Up to now, methods to estimate the maximum sustainable yield (MSY) of fish stocks are very complex and, as a consequence, expensive. However, Dr. Rainer Froese, biologist with GEOMAR/Helmholtz Centre for Ocean Research Kiel and Dr. Steven Martell, biologist with the University of British Columbia, have recently presented a new, much simpler method to estimate the MSY. This method may even affect the proposed reform of the European fisheries.
The aim is straightforward: In 1982, more than 160 countries agreed to maintain the global fish stocks at levels that can produce the maximum sustainable yield (MSY) over a long term. This agreement is part of the United Nations Convention on the Law of the Sea (UNCLOS), which came into force in 1994 and which has been ratified by Germany and all other countries of the European Union. While the USA, Australia or New Zealand started to change their fishing policies on the basis of UNCLOS years ago, reforms in the EU only started in 2012.
One basic problem in fisheries reform is the specification of a reference point for sustainable management of fish stocks. "Until now one needs a long time series quantifying the total number of fish belonging to one stock", explains Dr Rainer Froese, fisheries scientist with GEOMAR | Helmholtz Centre for Ocean Research Kiel. For these stock evaluations, extensive and expensive research is necessary. Therefore, for many fish stocks, the MSY is still unknown. Now Dr Froese and Dr Steven Martell, biologist with the University of British Columbia in Vancouver (CA), have come up with a new, much simpler method to estimate MSY. They present it online in the international journal Fish and Fisheries.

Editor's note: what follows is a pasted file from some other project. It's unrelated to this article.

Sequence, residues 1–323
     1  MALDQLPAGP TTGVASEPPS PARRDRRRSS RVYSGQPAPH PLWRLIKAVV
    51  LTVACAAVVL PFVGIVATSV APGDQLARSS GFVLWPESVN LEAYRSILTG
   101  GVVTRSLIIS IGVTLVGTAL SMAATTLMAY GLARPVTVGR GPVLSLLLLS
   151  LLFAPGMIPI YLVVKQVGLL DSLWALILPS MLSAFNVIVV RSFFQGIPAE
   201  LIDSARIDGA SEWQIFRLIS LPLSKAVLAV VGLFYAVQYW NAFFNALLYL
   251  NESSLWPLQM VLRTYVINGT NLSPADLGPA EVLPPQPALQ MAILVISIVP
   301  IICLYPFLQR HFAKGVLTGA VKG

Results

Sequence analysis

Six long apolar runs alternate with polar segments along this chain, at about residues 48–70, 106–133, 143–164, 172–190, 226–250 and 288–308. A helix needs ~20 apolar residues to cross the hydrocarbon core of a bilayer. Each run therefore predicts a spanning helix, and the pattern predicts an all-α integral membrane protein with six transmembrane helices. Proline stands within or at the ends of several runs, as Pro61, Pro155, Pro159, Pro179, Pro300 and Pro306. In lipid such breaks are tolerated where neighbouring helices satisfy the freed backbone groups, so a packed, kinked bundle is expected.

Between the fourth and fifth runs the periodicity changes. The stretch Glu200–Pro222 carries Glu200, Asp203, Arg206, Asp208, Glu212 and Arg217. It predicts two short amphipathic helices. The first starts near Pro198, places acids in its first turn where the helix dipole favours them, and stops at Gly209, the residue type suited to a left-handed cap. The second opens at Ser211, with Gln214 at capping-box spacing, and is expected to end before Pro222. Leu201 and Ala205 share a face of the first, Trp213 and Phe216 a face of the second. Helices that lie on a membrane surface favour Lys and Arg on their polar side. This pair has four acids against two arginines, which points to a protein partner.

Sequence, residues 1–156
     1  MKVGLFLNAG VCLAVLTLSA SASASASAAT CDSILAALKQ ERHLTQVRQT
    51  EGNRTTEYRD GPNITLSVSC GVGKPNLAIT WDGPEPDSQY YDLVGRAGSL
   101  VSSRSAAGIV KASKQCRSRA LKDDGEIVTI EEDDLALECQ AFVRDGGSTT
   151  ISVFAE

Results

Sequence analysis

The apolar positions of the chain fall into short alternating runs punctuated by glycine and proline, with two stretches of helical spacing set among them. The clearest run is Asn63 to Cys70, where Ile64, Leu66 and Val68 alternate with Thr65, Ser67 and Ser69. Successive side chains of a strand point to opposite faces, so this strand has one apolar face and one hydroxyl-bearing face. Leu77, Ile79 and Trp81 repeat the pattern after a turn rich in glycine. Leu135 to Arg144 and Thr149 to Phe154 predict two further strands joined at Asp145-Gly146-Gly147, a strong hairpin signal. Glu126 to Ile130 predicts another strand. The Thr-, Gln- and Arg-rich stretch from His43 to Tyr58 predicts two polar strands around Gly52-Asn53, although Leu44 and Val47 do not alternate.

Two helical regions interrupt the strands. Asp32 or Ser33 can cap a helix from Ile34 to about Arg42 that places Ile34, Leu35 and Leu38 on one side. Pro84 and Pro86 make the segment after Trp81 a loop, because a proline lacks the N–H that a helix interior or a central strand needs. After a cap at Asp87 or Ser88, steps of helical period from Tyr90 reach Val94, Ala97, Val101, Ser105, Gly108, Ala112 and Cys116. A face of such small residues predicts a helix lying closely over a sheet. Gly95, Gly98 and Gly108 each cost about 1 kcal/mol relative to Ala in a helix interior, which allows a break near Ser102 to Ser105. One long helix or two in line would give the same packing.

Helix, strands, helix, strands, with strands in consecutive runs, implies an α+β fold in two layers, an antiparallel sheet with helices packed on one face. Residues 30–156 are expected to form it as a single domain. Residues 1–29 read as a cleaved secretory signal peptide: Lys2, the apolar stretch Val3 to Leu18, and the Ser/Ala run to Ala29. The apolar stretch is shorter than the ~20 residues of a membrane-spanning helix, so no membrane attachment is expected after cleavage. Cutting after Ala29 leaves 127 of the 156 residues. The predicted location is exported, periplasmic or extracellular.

"Instead of using the total number of fish in one stock we use catch data, which are available for most fish stocks", explains Dr. Froese. As a second type of data they use an estimate of the resilience of the species. "This is basic biological knowledge. For most species, it's available from FishBase, a global database with key information on all fish of the world", says Dr Froese. From the relationship between catch data and resilience, the two biologists calculate the MSY.
To test their new idea, Dr Froese and Dr. Martell applied it to 148 different fish stocks from all over the world, where earlier studies had already estimated MSY with conventional methods. "We found excellent agreement between our results and those achieved with the data-hungry standard methods", Froese emphasises.
The new method to estimate MSY also has an unexpected European Union dimension. On 12 June 2012 the EU agricultural ministers, who are also in charge of European fisheries, agreed to allow continued overfishing until 2020 for fish stocks where no sustainability reference points are available. This is currently the case for the majority of the European stocks. Such justification for high catch quotas may now have disappeared. As Rainer Froese puts it: "Lack of reference points can no longer be used as an excuse for lack of management."
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